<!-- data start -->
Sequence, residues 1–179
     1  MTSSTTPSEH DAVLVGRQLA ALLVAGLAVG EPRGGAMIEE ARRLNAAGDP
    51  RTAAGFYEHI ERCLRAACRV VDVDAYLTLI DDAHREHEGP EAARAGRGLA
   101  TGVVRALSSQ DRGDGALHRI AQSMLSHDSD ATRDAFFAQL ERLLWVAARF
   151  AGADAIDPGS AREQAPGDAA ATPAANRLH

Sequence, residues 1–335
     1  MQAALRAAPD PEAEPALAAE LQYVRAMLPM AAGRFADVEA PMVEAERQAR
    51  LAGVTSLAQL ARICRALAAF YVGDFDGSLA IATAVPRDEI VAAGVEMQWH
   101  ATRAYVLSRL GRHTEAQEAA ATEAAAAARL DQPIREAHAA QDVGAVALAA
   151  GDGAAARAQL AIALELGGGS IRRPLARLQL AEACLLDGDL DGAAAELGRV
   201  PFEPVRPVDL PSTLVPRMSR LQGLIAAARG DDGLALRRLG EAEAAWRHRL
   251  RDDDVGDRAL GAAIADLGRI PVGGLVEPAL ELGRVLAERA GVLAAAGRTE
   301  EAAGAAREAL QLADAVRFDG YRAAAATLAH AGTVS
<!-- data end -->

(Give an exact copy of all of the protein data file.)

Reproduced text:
Sequence, residues 1–179
     1  MTSSTTPSEH DAVLVGRQLA ALLVAGLAVG EPRGGAMIEE ARRLNAAGDP
    51  RTAAGFYEHI ERCLRAACRV VDVDAYLTLI DDAHREHEGP EAARAGRGLA
   101  TGVVRALSSQ DRGDGALHRI AQSMLSHDSD ATRDAFFAQL ERLLWVAARF
   151  AGADAIDPGS AREQAPGDAA ATPAANRLH

Sequence, residues 1–335
     1  MQAALRAAPD PEAEPALAAE LQYVRAMLPM AAGRFADVEA PMVEAERQAR
    51  LAGVTSLAQL ARICRALAAF YVGDFDGSLA IATAVPRDEI VAAGVEMQWH
   101  ATRAYVLSRL GRHTEAQEAA ATEAAAAARL DQPIREAHAA QDVGAVALAA
   151  GDGAAARAQL AIALELGGGS IRRPLARLQL AEACLLDGDL DGAAAELGRV
   201  PFEPVRPVDL PSTLVPRMSR LQGLIAAARG DDGLALRRLG EAEAAWRHRL
   251  RDDDVGDRAL GAAIADLGRI PVGGLVEPAL ELGRVLAERA GVLAAAGRTE
   301  EAAGAAREAL QLADAVRFDG YRAAAATLAH AGTVS